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Annals of Theoretical Psychology

I have been involved in constructing a unified theory for many years, in considering the state of psychology's unity-disunity, and... Lire la suite
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Description

I have been involved in constructing a unified theory for many years, in considering the state of psychology's unity-disunity, and in generally attempt ing to persuade our profession to work on its unification. In this work I have had the opportunity to become acquainted with the works of a number of other psychologists whose statements indicated that they had something to say on these topics. I saw also that it would be very productive for psychology to have these individuals address themselves to psychology's disunity-unity, consid ered as a problem that should be confronted and addressed. In 1983 I began to indicate that it was my intention to devote a book to the topic, as seen through the eyes of a group of prominent psychologists concerned with related issues. It was very fortunate from my standpoint that Joseph Royce and later Leendert Mos, who were editing this series, were interested in this book. I accepted the former's invitation to do within the present series the book I had planned. Although I must assume responsibility for selection of the contributors, for the book's organization, and for the first editing of their papers for substance, Pro fessor Mos offered to help in an editorial capacity and I am most grateful for his contributions to the formal editing. The volume is much improved as a result of his careful efforts, which in one case involved rewriting material.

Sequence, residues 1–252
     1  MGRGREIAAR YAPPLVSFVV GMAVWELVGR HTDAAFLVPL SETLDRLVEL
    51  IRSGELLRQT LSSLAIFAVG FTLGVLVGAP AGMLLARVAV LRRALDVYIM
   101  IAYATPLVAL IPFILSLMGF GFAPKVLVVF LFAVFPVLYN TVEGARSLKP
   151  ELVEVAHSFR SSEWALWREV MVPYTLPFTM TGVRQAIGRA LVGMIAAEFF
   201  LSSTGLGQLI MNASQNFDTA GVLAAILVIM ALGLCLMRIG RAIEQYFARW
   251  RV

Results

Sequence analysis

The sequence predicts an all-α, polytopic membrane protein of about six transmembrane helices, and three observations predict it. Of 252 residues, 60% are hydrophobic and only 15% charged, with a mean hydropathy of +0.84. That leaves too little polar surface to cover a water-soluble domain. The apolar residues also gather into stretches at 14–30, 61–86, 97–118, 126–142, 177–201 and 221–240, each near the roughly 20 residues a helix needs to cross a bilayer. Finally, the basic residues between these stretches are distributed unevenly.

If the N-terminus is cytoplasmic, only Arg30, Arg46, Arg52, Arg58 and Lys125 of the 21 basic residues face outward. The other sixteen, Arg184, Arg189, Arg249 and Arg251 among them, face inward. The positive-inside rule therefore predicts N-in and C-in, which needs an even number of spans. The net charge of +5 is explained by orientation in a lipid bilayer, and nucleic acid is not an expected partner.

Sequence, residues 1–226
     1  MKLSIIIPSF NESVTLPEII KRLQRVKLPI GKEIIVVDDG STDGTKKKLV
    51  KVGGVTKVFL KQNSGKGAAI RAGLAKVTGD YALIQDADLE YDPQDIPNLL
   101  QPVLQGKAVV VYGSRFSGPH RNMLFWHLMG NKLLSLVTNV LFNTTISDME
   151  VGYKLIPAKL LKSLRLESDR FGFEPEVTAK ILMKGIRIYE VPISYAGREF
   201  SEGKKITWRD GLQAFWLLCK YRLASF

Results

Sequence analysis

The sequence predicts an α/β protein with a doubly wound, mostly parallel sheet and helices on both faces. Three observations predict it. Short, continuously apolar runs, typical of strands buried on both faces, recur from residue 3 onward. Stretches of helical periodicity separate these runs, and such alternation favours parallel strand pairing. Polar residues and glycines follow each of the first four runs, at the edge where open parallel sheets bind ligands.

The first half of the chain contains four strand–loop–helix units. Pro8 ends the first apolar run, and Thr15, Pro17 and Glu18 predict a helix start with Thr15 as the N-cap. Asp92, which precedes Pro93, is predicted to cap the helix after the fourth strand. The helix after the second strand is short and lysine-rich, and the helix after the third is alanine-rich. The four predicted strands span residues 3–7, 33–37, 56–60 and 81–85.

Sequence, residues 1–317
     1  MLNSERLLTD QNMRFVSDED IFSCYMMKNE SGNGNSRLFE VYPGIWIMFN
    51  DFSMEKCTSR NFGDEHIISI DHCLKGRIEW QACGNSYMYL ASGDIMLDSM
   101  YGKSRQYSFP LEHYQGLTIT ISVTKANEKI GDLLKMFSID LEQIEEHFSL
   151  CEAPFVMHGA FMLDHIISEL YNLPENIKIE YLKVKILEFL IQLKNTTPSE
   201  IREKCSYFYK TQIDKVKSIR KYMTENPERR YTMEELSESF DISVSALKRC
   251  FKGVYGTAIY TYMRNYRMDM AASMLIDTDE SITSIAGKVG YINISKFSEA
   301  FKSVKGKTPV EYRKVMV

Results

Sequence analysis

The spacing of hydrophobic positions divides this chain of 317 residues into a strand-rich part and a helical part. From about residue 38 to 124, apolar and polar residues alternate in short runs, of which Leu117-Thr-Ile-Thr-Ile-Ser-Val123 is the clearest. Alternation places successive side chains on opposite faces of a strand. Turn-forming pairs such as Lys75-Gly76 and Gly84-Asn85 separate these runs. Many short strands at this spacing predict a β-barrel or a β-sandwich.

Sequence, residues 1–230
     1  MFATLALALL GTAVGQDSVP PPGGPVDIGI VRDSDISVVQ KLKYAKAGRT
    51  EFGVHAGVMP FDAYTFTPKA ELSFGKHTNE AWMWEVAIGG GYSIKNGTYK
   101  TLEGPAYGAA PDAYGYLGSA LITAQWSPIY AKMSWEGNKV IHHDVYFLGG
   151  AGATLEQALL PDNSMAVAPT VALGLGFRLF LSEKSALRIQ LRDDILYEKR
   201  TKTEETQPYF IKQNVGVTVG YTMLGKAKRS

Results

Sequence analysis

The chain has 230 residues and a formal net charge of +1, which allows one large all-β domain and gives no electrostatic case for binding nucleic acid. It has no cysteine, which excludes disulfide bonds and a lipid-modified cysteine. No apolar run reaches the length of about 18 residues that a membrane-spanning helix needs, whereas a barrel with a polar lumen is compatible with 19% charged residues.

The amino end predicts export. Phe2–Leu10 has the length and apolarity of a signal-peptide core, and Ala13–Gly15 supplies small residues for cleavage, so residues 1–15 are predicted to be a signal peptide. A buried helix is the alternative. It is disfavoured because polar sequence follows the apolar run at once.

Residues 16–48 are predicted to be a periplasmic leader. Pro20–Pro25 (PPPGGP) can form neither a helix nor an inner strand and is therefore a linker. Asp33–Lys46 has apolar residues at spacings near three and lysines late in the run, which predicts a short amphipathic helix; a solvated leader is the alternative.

Contenu